Parmigiano Reggiano, Grana Padana, or Pecorino Romano?
Which do you prefer? As an eating cheese, as a grating cheese, etc.? Open ended topic
Parm Reggiano hands down for both. It's more complex. The grana has a similar texture to the Parm so if I want "Parm like flavor" I would choose Grana. I think Romano is a little bit saltier and blends in with other ingredients easier since it has simpler flavor.
Additional question; Do any of you diners care or notice when restaurants write Parmesan on a menu when its Grana or Romano the bulk of the time?
I'd never consider Pecorino romano an eating cheese - it is too strong and salty. However, there are other ewe's milk cheeses that can be both eaten and grated: crotonese is one.
I usually use pecorino (for grating) or crotonese, etc (for nibbling and grating), but that is because I have a degree of lactose intolerance and try to avoid cow's milk. However a small amount of Parmigiano or Grana doesn't seem to bother me.
I also use pecorino just for grating and usually into pasta.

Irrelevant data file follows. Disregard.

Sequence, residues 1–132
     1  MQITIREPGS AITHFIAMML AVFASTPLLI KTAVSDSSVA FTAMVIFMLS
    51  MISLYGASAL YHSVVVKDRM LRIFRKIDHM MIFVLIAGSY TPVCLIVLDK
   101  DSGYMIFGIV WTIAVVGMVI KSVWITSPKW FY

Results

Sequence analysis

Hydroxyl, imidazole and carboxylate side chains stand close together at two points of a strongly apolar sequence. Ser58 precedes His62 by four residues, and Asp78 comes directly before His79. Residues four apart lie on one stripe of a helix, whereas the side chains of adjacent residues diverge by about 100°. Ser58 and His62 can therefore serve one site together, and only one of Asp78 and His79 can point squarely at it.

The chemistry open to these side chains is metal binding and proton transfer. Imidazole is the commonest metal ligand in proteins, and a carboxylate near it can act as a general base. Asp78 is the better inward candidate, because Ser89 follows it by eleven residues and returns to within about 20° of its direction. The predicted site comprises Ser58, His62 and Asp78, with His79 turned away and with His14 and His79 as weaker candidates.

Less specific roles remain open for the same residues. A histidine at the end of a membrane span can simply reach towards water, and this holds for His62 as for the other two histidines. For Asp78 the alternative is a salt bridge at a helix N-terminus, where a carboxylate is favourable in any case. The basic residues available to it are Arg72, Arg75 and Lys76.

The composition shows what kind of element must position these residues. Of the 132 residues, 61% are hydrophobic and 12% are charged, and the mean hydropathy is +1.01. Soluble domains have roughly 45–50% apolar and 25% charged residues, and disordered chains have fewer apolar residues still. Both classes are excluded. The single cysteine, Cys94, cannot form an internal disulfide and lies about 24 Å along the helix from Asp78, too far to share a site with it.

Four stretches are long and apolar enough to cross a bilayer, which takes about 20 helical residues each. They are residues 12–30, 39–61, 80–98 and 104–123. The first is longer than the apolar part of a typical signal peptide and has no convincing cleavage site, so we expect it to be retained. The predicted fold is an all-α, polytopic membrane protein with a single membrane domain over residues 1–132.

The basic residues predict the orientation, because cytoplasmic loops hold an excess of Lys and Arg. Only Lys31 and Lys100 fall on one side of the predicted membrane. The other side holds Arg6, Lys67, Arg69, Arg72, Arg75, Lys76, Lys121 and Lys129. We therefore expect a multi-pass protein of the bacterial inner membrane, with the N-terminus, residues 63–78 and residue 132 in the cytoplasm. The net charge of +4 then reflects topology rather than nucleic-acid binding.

I happen to have lactose intolerance, but I was told that the longer the cheese had been aged, the less impact it will have on lactose intolerant people. So I mostly pick 36 month old Parmigiano Reggiano and it doesn't seem to have much impact on me.
All of them for grating, heck I'll even throw Locatelli into the mix, but just the Parmigiano Reggiano and Grana Padana for eating (I really love those crunchy little crystals in a well aged cheese, and you just lose that quality when it's grated).
To add to what lucaromeguide posted, when grated in a dish, there are times when one of those cheeses are more appropriate than the other. The pecorino may be more agressive in flavor, but sometimes that is what is called for. I think it's a mistake to think that something like Parmigiano Reggiano is the best, and therefor is the only thing you should cook with (that seems to be the case if you watch a lot of cooking shows these days). That's not always the case.